By Dan Olmsted
Gary Golkiewicz, chief special master of federal vaccine court when the key rulings denying a link between autism and vaccines were issued, has stepped down from that post, replaced by a judge who – perhaps ominously -- seems to believe in moving cases through the court on as fast a track as possible.
The court gave no reason for the change. Golkiewicz was in charge of the court from October 1988 – the year it was created by Congress – until April 8. His replacement is Sandra Dee Lord, who became a special master in vaccine court only last July. She was previously an administrative law judge for the Social Security Administration in Raleigh, N.C.
Here is the press release: “Chief Judge Emily C. Hewitt of the United States Court of Federal Claims (USCFC) announces the USCFC’s appointment on April 8, 2010 of Special Master Sandra D. (Dee) Lord to the position of Chief Special Master of the National Vaccine Injury Compensation Program (Vaccine Program), located within the USCFC by the National Childhood Vaccine Injury Act, codified at 42 U.S.C. §§ 300aa-1 to -34. Chief Special Master Lord succeeds to the position held by former Chief Special Master Gary Golkiewicz, who continues his service to the Vaccine Program as Special Master.”
In an e-mail to interested parties, Lord wrote: “As the newly-appointed Chief Special Master, I would like to extend my greetings and share with you my excitement about the Office of Special Masters. My goal is to continue our office's tradition of objective and compassionate decision-making. I am pleased to have this opportunity to recognize Gary Golkiewicz, who will continue his service as a Special Master, for the more than 20 years of service he provided as Chief. The considerable achievements of the Office of Special Masters are due in large measure to Gary's skill, vision and effort.”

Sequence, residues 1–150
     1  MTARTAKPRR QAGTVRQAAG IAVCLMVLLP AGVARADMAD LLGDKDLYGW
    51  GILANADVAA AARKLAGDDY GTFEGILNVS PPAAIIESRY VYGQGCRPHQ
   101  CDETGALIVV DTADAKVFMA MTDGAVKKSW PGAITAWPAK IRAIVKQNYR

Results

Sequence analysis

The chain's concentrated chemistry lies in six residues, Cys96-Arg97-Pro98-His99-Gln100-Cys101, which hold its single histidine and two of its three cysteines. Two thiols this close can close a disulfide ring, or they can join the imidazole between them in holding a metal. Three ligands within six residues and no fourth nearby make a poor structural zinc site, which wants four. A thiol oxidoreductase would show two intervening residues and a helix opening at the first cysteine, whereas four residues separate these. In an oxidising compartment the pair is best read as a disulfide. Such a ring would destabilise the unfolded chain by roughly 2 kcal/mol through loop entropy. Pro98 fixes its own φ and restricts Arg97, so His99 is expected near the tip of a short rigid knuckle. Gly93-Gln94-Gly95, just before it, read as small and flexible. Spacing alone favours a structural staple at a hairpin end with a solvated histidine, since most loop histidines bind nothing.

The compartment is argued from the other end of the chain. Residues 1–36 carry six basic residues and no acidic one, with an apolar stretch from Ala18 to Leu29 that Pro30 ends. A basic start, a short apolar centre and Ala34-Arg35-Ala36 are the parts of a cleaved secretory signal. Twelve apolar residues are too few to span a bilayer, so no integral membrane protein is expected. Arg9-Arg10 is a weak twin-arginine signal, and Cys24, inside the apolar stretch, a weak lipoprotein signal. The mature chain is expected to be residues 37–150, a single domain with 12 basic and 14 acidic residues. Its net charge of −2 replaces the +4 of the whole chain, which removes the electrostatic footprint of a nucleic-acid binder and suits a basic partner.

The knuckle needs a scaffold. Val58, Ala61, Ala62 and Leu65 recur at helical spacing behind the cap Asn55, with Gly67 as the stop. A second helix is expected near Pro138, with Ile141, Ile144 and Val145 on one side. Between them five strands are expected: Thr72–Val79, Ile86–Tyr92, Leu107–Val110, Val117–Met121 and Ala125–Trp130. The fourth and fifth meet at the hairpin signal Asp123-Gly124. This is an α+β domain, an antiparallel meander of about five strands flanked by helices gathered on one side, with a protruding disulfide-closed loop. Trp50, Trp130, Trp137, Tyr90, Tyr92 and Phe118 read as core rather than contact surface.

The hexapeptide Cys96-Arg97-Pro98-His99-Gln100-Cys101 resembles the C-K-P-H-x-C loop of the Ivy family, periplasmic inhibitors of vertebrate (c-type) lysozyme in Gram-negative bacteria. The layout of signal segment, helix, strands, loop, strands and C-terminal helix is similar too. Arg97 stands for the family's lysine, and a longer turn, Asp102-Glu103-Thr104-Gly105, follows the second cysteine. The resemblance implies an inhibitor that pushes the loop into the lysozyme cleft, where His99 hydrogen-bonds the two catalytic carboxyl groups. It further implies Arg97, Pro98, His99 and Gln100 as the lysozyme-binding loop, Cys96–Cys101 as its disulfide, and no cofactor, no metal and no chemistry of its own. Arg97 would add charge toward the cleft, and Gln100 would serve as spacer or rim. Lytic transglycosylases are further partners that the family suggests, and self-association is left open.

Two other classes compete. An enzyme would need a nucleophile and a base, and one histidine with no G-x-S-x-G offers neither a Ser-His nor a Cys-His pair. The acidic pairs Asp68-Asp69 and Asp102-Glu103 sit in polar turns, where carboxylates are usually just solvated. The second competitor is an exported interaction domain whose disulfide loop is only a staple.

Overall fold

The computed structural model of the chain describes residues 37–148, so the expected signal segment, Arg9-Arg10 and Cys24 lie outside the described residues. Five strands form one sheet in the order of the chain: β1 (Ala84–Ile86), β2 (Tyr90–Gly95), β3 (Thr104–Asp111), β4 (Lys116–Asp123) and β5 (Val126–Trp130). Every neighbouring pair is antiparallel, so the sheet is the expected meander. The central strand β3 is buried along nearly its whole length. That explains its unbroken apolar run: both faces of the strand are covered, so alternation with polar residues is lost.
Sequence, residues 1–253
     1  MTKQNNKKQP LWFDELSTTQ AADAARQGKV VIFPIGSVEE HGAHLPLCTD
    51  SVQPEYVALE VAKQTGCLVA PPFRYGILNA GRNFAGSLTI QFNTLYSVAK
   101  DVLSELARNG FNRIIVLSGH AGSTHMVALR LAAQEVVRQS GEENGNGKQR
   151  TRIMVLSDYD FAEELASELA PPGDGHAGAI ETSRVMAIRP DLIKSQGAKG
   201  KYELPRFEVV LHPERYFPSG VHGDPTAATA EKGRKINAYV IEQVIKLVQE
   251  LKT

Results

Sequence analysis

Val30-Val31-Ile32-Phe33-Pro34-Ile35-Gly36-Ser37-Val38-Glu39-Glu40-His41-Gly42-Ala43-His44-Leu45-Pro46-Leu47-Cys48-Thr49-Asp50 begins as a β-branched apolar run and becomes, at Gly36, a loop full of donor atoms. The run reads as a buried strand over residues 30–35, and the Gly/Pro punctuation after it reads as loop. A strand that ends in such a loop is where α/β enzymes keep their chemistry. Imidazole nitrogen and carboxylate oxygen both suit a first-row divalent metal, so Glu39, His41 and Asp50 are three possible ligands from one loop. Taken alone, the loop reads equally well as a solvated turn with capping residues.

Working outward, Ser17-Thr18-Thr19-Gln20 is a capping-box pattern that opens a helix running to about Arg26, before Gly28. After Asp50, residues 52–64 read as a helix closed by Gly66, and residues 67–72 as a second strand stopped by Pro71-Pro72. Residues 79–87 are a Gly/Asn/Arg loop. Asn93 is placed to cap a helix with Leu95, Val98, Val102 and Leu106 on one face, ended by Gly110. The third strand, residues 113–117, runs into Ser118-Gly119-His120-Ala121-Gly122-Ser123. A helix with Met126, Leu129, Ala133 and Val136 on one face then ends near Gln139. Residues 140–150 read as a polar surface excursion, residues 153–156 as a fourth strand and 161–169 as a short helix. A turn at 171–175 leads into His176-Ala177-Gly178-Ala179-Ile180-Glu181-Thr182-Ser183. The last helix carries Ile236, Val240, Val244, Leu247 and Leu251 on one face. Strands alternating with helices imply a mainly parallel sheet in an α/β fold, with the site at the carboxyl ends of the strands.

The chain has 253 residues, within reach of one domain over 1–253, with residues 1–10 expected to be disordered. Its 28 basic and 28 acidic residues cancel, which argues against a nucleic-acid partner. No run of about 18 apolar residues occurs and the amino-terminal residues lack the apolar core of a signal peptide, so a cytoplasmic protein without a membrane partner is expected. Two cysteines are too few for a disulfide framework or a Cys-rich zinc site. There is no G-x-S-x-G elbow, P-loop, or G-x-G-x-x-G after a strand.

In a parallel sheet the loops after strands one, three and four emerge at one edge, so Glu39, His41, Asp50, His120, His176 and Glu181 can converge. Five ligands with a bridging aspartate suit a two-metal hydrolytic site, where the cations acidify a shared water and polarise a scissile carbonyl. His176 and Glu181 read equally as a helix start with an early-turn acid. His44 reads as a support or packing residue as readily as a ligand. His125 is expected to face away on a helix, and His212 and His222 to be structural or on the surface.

She added: “My colleagues and I look forward to working with you to ensure prompt and fair adjudication for injured petitioners and their families under the Vaccine Injury Compensation Program.”
Autism parents and their attorneys who’ve dealt with the vaccine court would take issue with the idea that the process has ever been “objective and dispassionate,” as the three special masters who issued a total of six rulings in the MMR and thimerosal omnibus cases, while oozing pity for the families left to deal with autistic children with no money, were snarky and condescending, suggesting parents were duped by ridiculously bogus scientific theories and greedy lawyers. Yet government lawyers conceded one case before it was even heard – stipulating that Hannah Poling’s autism and seizure disorders were caused by vaccinations. And, it turns out, a number of other rulings over the years awarded compensation to children for what were actually symptoms of autism by any other name.